when the monogamist family faithfully reflects its historical origin and clearly manifests the conflict between man and woman, originating the exclusive domination role of the first, we have a miniature portrait of the contradictions and antagonisms throughout which society moves, split in classes (idem, 74).
It is worthwhile noting that is it precisely this kind of consideration that has led other feminist theories and movements, to the accusation of class-determinism. Still, even when the connection of family to society is centred on class as the main historical subject of transformation, there is no doubt about these author’s insights into gender inequalities, in truth conceiving their perpetuation through male domination and culture, apart from class inequalities.
Concerning this matter, Engels comments on the economical basis of monogamy, and the connections of monogamy, patriarchy and (social and biological) reproduction, noting how in the proletarian family this economical basis gradually vanishes, therefore ending the material mean of men’s domination, of propriety over his wife and oppression relations, since depriving of their [economic] basis the remaining of men’s supremacy on the household (idem, 91).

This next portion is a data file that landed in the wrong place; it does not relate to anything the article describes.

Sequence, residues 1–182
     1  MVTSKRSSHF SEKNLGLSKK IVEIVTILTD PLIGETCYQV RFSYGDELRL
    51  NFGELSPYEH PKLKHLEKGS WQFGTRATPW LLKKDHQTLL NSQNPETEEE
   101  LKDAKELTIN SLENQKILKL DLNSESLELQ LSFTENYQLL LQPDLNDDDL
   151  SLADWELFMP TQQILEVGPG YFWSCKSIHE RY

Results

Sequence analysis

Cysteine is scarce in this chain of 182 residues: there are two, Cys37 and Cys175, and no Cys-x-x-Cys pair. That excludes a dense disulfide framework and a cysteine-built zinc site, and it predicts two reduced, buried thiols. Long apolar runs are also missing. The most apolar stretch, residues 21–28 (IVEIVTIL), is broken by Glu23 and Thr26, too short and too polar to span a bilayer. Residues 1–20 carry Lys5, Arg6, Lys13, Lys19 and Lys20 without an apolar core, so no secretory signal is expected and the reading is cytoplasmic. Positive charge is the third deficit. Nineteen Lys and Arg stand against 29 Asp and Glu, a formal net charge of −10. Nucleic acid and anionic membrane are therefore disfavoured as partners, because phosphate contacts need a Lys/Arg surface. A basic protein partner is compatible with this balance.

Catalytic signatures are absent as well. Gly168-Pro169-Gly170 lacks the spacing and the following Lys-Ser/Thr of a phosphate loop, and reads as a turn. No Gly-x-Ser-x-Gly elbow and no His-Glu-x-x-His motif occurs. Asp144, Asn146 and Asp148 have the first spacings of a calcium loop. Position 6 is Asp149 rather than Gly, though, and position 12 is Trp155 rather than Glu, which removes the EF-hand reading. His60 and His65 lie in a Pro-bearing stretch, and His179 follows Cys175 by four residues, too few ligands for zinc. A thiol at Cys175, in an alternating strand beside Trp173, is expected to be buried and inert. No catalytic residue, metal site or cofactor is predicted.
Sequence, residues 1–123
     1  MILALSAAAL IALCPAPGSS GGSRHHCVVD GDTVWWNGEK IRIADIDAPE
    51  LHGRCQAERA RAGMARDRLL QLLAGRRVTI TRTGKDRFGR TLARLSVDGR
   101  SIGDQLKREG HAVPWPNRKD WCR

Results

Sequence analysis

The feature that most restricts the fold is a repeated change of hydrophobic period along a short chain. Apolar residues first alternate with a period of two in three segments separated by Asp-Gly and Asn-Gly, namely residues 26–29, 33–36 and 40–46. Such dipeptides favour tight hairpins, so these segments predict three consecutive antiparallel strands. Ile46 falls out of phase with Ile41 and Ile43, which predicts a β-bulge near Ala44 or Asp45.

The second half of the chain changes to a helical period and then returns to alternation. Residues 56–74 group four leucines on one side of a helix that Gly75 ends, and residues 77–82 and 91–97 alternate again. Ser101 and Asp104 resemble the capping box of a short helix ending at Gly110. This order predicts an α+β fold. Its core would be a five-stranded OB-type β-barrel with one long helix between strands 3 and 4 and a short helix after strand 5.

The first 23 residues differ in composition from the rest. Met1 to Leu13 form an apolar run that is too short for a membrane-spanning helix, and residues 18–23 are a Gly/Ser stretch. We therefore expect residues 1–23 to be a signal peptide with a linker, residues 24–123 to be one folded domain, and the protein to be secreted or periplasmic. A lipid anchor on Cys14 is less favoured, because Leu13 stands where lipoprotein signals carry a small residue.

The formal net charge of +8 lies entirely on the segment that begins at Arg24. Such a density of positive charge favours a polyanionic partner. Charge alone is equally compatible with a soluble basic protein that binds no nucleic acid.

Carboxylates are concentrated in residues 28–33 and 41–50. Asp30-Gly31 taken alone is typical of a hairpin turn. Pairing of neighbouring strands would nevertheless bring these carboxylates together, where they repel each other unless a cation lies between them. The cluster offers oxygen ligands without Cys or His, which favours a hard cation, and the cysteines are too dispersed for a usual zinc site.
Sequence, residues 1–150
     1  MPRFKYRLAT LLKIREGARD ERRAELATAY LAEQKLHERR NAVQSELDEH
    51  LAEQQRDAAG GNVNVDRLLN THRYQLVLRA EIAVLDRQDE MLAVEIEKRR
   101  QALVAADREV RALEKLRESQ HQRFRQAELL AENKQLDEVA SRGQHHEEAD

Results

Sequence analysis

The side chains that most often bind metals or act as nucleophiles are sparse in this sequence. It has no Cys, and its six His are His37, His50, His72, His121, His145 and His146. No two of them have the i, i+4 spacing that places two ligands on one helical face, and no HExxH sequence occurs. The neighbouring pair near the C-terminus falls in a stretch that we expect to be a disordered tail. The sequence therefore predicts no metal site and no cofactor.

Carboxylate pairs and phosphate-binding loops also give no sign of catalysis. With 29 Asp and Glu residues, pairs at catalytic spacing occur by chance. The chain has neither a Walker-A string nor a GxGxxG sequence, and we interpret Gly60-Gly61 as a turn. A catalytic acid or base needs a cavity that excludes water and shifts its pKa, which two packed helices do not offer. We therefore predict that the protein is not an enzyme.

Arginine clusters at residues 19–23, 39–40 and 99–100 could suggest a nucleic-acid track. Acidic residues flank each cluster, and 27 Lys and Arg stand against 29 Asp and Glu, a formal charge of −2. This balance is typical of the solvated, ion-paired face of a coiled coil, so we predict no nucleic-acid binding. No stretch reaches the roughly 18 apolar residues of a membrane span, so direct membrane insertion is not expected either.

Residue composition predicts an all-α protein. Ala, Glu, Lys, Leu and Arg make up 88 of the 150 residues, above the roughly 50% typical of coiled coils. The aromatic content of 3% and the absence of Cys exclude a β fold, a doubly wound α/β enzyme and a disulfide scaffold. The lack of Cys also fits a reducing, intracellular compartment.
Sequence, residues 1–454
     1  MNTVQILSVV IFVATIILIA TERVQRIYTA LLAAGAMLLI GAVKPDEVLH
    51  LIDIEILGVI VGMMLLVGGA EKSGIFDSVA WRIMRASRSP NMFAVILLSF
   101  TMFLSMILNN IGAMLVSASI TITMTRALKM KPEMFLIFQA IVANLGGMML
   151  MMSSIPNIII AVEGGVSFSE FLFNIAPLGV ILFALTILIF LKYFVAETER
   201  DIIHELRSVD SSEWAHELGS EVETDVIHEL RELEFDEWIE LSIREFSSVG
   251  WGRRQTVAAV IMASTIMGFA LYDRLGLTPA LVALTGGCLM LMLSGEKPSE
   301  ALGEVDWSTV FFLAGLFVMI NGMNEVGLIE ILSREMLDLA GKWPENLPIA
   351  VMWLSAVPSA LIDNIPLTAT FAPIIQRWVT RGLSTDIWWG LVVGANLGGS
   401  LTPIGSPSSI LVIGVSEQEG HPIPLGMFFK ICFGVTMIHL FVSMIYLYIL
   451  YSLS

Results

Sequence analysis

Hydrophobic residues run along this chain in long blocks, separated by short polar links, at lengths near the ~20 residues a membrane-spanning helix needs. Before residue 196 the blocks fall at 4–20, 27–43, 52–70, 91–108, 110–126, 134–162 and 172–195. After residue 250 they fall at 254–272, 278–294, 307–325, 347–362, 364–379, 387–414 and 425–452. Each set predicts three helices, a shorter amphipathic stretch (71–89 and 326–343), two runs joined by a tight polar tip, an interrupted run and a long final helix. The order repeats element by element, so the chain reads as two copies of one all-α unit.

Engels also notes on the possible continuation of “brutality against women, very dominant since the establishment of monogamy” (idem, ibidem). Yet, the author considers that the economic basis of monogamy shall gradually fall in capitalism, at least for the working class, as its exclusion from property no longer requires the production of heirs of exclusive paternity. Thus, the domestic economy can, through the socialization of the means of production in the socialist revolution, convert to social industry, socializing women’s economical functions in the family, as child-bearing, caring, feeding, the production of values of use, etc. (idem, 94-97).
It is what Shishkin (1973 [wd]) considers to have been built in the Soviet Union, with total integration of women in social production, and the progressive socialization of domestic economies, with the construction of schools, hospitals, caring centres, kindergartens, etc. Still, he also noted, as Lenin had, that
there is a need for educational work around matters concerning the integration of women’s productive strength, not only among the feminine masses, but also among men, on whose conscience (with frequency even in communists) remain not few bourgeois concepts of women as domestic slaves (idem, 117).
Shishkin thus considers fundamental the educational role of society, as the change in the mode of production does not, immediately or by itself, change the role of ideology on gender exploitation and oppression, which may persist beyond the end of domestic economies and the material basis of male dominance. Furthermore, Larguia and Domoulin also demonstrate that, for decades, the Soviet women, just as the women in capitalism, worked for two periods of time, the visible social work and the invisible domestic work, subjected to masculine domination (1975).